WASHINGTON (AP) — Foes from left and right are using the delayed vote on the Republican health care bill to make it as politically toxic as possible for wavering GOP senators to support it. But the postponement also gives Majority Leader Mitch McConnell and the White House more time to cut the deals they need to rescue the imperiled measure.
“Look, we need to tackle this problem,” McConnell, R-Ky., said Monday, signaling that days of bargaining and persuasion with reluctant colleagues lay ahead. “The only way we’ll get there is with continued hard work, and that’s just what we intend to do. “
AARP was continuing TV and radio ads aimed at undecided Republican senators in five states, warning, “Your family’s coverage could be taken away altogether.” Planned Parenthood, labor and liberal groups were holding rallies outside the Capitol. And the conservative Americans for Prosperity was urging members to pressure GOP senators to strengthen a bill that the group’s president, Tim Phillips, says doesn’t go “anywhere near far enough” to repeal President Barack Obama’s health care law.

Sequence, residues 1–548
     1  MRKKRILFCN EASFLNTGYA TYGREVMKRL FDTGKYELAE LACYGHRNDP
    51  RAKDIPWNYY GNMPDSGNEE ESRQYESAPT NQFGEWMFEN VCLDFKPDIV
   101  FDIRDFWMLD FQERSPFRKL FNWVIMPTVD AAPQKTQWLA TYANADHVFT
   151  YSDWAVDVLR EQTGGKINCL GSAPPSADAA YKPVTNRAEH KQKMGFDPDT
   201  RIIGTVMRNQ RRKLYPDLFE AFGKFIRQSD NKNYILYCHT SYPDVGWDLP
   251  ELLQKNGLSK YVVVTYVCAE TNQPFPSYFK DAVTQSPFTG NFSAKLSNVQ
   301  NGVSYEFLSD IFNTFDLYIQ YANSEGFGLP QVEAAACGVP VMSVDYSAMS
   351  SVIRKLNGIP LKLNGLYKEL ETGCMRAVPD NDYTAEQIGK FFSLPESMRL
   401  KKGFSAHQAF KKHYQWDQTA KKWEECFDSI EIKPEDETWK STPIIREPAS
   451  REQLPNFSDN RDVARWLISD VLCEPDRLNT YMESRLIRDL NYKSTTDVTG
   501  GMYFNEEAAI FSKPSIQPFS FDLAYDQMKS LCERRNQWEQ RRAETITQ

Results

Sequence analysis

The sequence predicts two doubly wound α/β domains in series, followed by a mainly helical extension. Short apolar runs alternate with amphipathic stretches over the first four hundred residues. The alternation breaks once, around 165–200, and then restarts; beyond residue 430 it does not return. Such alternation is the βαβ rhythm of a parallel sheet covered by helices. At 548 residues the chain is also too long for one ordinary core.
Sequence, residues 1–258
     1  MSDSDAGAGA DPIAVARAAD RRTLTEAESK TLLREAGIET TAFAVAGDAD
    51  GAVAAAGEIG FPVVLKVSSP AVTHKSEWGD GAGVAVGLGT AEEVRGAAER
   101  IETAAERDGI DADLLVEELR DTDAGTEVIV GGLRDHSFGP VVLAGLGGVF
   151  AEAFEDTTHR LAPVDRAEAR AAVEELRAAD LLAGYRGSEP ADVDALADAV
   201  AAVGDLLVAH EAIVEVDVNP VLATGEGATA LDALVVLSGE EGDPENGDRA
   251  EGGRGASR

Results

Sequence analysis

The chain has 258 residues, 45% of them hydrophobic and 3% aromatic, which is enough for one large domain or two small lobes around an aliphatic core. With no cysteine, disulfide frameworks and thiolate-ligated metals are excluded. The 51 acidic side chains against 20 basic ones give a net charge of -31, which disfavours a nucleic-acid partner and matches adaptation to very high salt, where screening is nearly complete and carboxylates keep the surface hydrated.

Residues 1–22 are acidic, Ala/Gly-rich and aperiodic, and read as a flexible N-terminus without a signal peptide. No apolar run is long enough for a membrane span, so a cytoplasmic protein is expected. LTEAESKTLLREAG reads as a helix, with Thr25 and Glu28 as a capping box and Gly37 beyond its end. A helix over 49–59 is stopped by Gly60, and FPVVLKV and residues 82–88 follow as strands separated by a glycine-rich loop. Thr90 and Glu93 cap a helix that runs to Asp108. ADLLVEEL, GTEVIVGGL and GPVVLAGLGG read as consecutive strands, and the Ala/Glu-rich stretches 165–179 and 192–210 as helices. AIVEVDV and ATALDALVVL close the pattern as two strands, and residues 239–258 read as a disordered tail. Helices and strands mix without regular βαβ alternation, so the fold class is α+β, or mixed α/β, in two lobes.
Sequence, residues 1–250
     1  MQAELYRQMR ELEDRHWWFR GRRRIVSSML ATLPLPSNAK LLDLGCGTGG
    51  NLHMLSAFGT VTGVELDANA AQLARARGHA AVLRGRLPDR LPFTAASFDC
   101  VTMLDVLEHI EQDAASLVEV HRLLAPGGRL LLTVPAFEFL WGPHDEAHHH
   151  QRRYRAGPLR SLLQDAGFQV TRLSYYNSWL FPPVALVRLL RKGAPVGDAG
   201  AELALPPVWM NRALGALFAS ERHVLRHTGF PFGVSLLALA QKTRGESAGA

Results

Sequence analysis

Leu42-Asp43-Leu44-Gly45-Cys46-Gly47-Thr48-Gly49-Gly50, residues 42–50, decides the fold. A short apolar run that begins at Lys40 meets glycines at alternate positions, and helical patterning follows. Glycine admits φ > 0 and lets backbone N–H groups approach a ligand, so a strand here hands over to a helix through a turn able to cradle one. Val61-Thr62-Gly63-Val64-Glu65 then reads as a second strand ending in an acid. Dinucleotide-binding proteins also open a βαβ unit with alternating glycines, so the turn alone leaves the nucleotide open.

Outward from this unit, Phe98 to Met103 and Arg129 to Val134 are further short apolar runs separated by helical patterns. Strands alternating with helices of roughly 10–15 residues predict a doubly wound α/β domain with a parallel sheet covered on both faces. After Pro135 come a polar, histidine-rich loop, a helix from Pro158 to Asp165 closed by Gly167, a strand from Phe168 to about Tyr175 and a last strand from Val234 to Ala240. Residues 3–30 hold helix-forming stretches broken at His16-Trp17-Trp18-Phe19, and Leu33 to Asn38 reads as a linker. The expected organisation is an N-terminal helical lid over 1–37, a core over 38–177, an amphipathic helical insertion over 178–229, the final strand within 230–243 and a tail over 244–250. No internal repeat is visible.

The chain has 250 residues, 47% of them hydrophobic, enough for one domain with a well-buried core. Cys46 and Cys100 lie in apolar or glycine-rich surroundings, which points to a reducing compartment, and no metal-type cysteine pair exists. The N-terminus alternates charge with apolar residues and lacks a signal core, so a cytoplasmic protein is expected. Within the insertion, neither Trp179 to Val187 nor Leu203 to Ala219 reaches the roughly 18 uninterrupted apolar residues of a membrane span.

From the other side, Republican Party Chairwoman Ronna Romney McDaniel said the GOP needs to prove that “we can tackle tough issues.” The conservative Faith and Freedom Coalition announced its support for a bill that its chairman, Ralph Reed, called “a giant step forward.” And White House spokesman Sean Spicer said some senators — he didn’t initially say who — were going to the White House on Monday to discuss health care.
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“There’s no one better than Mitch McConnell when it comes to knowing how and when to make a bill successful in the Senate,” Spicer told reporters. “So we have every confidence in the majority leader’s ability to get this done. And the president will do whatever he has to to support those efforts.”
On balance, the delay…